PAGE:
Adam Jacot de Boinod, the author of The Wonder of Whiffling, asked the maintainers whether he could post about his newest book to the community. We gave him permission to post one entry about it. He then sent me a PDF of the press release and asked me to post it on his behalf, and I'm doing so now. (This shouldn't imply that the maintainers necessarily endorse or recommend the book.)
I've transcribed the PDF into HTML; those who are interested in the original PDF, including an image of the book's cover, please contact the author directly (link leads to a CAPTCHA that will reveal the email address -- or PM me for the address).
The Wonder of Whiffling
And other extraordinary words in the English language
Adam Jacot de Boinod
24 September 2009
Illustrated hardback • £12.99
'You'll never be lost for words again. Truly enlightening!' MARIELLA FROSTRUP
A delightful tour of the extraordinary words in the English language from Anglo-Saxon to Trailer Park Slang
The Wonder of Whiffling is a hugely enjoyable and surprising journey through the English language, revealing interesting and unusual words from Old and Middle English and Tudor-Stuart, through the rural dialects collected by Victorian lexicographers, the argot of 19th century criminals, slang from two world wars, right up to our contemporary jargon that has grown from activities such as darts, working in an office and texting.
Discover words we have lost or never knew existed, such as a blatteroon, a person who will not stop talking, and crambazzled, to be aged prematurely through drink; words with meanings that have changed, such as racket, originally the palm of the hand, and constipate, to crowd together in a narrow room; together with a wealth of words from around the globe, like shubi (Australian), someone who buys surfing gear but doesn’t actually surf; and those that have developed very recently, such as ham, a legitimate email (as opposed to spam).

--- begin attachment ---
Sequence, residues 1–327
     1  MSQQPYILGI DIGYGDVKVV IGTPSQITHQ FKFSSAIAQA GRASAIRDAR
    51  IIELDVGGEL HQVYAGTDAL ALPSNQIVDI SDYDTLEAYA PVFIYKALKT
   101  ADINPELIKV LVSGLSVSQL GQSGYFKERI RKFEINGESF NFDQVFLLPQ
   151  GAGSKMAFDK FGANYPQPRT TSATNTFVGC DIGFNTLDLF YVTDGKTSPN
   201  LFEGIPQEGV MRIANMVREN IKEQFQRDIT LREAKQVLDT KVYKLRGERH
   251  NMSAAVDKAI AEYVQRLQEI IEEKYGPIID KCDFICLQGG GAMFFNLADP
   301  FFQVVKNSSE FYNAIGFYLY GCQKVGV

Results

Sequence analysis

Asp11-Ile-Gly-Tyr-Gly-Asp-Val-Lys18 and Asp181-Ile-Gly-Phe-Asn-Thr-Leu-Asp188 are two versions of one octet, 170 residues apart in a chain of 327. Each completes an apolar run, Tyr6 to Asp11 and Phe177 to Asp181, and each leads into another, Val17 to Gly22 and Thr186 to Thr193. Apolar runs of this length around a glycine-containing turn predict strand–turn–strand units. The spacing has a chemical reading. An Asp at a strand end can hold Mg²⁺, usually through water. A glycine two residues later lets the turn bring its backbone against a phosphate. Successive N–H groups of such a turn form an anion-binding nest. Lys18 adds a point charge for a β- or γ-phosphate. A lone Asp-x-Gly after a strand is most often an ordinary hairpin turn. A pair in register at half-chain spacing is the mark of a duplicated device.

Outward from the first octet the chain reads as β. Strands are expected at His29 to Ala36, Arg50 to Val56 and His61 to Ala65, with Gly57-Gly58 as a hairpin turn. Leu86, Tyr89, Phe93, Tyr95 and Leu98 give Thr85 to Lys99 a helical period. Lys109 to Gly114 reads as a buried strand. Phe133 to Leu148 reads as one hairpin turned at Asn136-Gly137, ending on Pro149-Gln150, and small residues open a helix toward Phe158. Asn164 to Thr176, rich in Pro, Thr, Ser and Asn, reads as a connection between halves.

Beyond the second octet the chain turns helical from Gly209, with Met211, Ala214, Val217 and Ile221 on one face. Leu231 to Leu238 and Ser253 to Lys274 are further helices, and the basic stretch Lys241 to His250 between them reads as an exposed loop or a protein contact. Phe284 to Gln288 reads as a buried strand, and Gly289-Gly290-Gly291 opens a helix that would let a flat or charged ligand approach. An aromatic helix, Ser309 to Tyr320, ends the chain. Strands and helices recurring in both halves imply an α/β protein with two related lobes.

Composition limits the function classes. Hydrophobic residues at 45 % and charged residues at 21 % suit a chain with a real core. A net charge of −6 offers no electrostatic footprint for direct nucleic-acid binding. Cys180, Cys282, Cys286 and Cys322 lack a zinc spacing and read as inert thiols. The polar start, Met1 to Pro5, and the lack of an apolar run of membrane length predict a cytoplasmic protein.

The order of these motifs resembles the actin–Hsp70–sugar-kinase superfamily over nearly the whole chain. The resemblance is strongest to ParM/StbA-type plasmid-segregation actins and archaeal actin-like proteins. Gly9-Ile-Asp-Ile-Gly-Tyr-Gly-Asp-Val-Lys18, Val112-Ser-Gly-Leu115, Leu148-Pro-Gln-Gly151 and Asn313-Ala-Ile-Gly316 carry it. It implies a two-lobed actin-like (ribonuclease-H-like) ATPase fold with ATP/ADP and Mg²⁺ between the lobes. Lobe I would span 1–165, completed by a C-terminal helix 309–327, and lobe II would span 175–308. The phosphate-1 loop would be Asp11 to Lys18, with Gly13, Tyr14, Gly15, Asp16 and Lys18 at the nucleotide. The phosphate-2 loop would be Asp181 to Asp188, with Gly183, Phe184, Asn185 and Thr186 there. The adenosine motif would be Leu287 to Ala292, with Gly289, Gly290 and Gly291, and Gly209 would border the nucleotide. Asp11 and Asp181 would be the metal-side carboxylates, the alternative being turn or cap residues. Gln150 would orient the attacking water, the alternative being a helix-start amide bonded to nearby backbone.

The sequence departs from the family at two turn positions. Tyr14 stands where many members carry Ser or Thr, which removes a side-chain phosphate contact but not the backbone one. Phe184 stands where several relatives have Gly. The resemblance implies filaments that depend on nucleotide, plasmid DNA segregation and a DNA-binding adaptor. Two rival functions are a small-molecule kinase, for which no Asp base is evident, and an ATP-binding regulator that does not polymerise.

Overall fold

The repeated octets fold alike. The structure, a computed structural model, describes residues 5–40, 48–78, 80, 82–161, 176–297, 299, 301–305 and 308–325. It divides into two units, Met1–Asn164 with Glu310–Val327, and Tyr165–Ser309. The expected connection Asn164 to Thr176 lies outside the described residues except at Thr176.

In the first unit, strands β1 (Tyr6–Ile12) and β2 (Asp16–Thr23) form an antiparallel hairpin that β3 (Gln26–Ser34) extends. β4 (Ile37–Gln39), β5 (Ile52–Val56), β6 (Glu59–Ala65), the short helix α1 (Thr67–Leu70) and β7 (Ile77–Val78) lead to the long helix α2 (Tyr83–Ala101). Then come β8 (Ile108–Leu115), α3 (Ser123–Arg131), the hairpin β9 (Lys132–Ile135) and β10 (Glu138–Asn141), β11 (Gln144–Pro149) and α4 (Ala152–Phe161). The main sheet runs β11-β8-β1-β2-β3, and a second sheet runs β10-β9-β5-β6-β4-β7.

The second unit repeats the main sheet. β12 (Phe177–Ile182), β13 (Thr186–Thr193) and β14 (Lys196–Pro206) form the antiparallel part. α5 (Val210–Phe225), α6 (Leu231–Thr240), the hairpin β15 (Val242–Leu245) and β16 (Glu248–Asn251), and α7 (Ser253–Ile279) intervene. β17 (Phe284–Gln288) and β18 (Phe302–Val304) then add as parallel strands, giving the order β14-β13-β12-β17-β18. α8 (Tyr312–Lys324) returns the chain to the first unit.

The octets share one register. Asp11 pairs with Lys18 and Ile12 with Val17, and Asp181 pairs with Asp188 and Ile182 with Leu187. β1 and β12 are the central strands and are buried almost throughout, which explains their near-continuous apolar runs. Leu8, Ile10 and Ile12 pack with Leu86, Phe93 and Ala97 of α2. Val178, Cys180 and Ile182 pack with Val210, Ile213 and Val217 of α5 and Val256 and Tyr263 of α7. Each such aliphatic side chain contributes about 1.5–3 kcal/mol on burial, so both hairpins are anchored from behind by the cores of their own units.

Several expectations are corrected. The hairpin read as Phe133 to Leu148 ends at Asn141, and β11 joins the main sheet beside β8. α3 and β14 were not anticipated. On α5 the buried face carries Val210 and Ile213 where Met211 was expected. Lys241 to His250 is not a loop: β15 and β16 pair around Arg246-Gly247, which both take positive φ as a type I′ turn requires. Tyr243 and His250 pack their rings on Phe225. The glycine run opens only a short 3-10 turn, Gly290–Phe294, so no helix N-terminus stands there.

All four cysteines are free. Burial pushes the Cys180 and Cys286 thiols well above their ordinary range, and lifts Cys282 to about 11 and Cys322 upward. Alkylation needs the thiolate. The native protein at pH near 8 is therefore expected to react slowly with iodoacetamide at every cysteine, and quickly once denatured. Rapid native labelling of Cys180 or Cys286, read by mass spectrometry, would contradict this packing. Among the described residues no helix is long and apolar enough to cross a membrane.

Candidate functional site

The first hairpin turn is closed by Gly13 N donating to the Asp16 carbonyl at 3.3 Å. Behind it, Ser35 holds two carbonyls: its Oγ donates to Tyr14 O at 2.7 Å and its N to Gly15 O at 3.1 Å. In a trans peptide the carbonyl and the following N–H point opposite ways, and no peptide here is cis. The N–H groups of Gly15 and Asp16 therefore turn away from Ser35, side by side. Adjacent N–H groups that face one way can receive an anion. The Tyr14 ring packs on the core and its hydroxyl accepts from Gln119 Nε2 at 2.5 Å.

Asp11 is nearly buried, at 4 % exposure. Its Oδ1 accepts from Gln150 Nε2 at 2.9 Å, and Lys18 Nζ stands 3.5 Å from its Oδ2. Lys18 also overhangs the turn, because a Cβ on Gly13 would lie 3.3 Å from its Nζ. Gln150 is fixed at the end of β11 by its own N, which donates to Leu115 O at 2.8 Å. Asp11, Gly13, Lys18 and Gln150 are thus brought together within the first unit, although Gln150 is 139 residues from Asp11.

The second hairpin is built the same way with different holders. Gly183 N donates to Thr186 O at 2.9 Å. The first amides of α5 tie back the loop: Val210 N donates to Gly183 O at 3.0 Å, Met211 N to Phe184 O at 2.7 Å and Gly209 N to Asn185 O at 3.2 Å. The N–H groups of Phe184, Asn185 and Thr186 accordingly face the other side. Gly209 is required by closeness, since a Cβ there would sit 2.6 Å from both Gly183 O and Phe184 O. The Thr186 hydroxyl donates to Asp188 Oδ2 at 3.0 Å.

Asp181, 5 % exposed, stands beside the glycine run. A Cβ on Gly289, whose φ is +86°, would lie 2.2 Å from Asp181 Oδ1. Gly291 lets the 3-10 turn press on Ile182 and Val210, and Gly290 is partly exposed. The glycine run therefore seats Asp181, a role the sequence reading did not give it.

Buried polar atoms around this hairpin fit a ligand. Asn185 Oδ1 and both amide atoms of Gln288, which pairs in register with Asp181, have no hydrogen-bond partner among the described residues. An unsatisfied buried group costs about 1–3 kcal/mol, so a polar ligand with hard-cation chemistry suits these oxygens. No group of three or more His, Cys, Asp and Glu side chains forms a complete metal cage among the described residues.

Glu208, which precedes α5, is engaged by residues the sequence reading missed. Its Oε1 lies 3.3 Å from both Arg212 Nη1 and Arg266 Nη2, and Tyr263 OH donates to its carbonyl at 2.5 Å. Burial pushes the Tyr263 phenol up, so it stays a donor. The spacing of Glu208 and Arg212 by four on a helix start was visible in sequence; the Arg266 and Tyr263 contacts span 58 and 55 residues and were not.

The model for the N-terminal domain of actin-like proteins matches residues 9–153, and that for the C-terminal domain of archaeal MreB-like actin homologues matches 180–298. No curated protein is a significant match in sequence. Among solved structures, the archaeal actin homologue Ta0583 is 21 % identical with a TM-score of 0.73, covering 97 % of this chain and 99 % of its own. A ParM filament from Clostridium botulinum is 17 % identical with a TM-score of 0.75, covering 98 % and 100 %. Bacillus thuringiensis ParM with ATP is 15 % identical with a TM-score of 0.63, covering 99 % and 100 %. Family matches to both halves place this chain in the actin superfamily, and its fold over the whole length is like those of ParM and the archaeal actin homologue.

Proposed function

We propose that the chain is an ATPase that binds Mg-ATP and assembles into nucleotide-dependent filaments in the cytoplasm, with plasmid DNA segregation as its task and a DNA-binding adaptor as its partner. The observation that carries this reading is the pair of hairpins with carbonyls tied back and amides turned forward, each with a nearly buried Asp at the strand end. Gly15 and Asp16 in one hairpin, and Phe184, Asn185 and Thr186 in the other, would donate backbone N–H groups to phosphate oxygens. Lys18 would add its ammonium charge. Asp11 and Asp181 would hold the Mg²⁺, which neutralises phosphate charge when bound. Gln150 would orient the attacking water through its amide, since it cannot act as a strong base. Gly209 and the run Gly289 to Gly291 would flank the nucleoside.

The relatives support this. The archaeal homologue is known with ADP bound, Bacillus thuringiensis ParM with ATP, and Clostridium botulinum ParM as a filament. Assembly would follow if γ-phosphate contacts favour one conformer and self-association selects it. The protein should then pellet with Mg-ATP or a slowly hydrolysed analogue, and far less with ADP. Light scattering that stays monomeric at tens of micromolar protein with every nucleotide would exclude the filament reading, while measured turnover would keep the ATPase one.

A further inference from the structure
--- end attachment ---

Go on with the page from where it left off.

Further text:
Delving passionately into the English language, Adam Jacot de Boinod reveals why it is you wouldn’t want to have dinner with a vice admiral of the narrow seas, why Jacobites toasted the little gentleman in black velvet, and why a Nottingham Goodnight is better than one from anywhere else.
And as for whifflers, whether you prefer yours whistling lightly, examining degrees, constantly changing their mind, morris dancing, crying out in pain or descending in a formation of geese, you’ll find them all, and more, in here…
Adam Jacot de Boinod, hunter of perfect and obscure bon mots, is a true linguistic bowerbird (a person who collects an astonishing array of - sometimes useless - objects). He trawled the languages of the world for exotic specimens in his bestselling book The Meaning of Tingo and has now turned his attention to the beauties, oddities and downright hilarities of the language that began his love affair with words - English.
For information and review copies please contact Bethan Jones at MGA
Tel 020 7836 4774 • Email email@example.com